Closing Loopholes: Fair Work Act changes

A new criminal offence for intentional underpayments by employers will be added to the Fair Work Act as part of the new ‘Closing Loopholes’ laws from no earlier than 1 January 2025.

We (the Fair Work Ombudsman) will investigate suspected criminal underpayment offences once the changes take effect.

Learn more at Closing Loopholes: Fair Work Act changes.

We can take a matter to court where there has been a contravention of Australian workplace laws.

For example, if an employer is asked by us to pay their employees what they’re owed and they don't pay the employee, we can take the employer to court.

When we take a matter to court

Our decision to litigate will depend on whether we have enough evidence and whether it’s in the public interest. Our Compliance and Enforcement Policy talks about these factors in more detail.

If the employer is a company, we can take the company to court, but we can also take a person to court if they were 'involved in' the company’s contravention. A person involved in the company’s contravention may include:

  • a company director
  • a human resources manager or other manager
  • an accountant
  • a business involved in the supply chain.

If you’re thinking about taking your own legal action and your claim is for an amount of $100,000 or less, see Legal action in the small claims court for further information.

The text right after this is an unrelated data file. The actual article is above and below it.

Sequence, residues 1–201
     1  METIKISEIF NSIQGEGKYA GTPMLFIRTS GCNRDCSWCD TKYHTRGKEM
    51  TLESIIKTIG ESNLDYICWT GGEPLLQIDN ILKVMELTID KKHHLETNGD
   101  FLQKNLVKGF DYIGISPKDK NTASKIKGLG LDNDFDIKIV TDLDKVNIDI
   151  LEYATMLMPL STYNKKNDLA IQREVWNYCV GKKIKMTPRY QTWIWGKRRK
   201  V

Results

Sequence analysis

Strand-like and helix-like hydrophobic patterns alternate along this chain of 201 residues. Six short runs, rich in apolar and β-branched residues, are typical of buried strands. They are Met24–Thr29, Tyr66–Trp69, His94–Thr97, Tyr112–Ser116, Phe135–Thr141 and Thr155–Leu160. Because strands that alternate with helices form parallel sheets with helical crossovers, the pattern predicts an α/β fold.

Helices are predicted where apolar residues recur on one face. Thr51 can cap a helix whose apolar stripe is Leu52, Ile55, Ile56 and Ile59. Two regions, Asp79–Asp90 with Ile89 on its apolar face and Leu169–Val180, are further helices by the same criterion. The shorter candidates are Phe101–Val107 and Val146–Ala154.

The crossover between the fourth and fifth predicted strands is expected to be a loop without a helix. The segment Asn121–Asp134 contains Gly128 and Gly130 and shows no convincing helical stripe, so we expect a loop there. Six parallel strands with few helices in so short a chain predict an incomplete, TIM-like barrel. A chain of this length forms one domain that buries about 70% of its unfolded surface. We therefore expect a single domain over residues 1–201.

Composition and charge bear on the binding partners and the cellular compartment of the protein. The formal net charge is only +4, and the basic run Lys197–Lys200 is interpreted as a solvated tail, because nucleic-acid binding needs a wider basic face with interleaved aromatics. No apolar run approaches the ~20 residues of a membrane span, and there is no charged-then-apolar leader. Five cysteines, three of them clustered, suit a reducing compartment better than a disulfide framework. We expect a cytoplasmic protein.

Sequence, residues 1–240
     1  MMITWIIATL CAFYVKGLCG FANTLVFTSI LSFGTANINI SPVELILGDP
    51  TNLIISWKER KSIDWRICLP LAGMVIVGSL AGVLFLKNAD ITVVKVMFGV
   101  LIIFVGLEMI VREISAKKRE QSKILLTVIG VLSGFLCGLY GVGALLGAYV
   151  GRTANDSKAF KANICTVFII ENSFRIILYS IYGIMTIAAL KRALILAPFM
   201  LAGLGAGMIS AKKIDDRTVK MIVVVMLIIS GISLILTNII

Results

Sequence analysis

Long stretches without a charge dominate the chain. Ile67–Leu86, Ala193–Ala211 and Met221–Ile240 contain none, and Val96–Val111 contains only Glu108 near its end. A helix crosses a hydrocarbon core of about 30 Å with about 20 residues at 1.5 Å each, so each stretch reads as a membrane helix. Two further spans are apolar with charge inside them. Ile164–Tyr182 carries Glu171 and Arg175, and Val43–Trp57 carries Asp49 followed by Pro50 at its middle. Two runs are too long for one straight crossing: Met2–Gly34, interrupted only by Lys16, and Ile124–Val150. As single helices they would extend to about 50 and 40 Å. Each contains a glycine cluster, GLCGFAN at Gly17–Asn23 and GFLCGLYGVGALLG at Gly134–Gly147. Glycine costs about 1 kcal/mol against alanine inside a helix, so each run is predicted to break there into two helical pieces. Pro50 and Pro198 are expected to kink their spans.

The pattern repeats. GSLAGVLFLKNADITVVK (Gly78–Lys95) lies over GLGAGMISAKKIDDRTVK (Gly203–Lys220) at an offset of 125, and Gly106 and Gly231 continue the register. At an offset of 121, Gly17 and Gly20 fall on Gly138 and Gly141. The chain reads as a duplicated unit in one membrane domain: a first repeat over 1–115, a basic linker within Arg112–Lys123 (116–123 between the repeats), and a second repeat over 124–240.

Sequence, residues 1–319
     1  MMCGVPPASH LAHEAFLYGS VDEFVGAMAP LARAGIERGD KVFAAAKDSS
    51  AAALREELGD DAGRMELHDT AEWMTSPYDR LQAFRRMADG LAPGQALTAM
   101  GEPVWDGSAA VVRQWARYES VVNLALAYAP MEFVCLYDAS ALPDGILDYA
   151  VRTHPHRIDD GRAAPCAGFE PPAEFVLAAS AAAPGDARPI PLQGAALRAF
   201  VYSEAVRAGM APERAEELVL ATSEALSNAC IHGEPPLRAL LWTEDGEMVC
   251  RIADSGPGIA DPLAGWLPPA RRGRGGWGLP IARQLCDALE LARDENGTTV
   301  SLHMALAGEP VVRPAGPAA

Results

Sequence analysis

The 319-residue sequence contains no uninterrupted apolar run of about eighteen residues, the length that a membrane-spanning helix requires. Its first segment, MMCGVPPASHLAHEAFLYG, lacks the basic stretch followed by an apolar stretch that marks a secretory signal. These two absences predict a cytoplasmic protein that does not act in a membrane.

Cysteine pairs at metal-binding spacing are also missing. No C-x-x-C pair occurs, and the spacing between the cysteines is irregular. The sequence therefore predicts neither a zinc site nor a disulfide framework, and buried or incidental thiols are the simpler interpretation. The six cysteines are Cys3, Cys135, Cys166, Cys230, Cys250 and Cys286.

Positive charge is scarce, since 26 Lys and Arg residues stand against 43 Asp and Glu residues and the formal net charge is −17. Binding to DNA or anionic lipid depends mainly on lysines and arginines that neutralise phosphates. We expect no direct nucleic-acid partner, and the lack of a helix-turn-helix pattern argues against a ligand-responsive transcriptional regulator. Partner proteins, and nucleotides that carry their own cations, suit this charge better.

Court orders

If litigation is successful, a court may impose orders against a person found to have done the wrong thing. Those court orders may:

  • make a person pay an amount of money as a penalty for not doing what the law says, up to:
    • $18,780 per contravention for an individual
    • $93,900 per contravention for a company with less than 15 employees
    • $469,500 per contravention for a company with 15 or more employees.
  • make a person pay a higher penalty for some 'serious contraventions', up to:
    • $187,800 per contravention for an individual
    • $939,000 per contravention for a company with less than 15 employees
    • $4,695,000 per contravention for a company with 15 or more employees.
  • make an employer who has been issued with a notice (for example, a compliance notice or a notice to produce records) comply, wholly or partly, with its terms
  • make an employer or other person pay an employee their outstanding entitlements (plus interest)
  • require someone to do something (for example, give an employee their job back) or undertake training or do an audit
  • restrain someone from doing something (an injunction or interim injunction) for example, stop discriminating against an employee, or
  • pay an employee compensation for loss suffered.

Serious contraventions

A serious contravention happens when the court finds that:

  • the person or business knew they were contravening an obligation under workplace laws, or
  • the person or business was reckless as to whether the contravention would occur.

The higher penalties for serious contraventions apply to breaches of:

If someone else was involved in the contravention, and knew it was a contravention, they could also face higher penalties.

When there are no records

If an employer doesn't meet their record-keeping or pay slip obligations, and can't give a reasonable excuse, they will need to disprove allegations in wage claims made in a court. This is sometimes referred to as a 'reverse onus of proof.'

This applies in court proceedings relating to breaches of:

If an employee makes a claim for breach of one or more of the above obligations and the employer didn’t keep the right records, make those records available, or give them a pay slip, the employer needs to prove that they did pay the employee correctly or gave them the right entitlements.

Check Pay slip and record-keeping obligations for information about what records employers need to keep.

Related information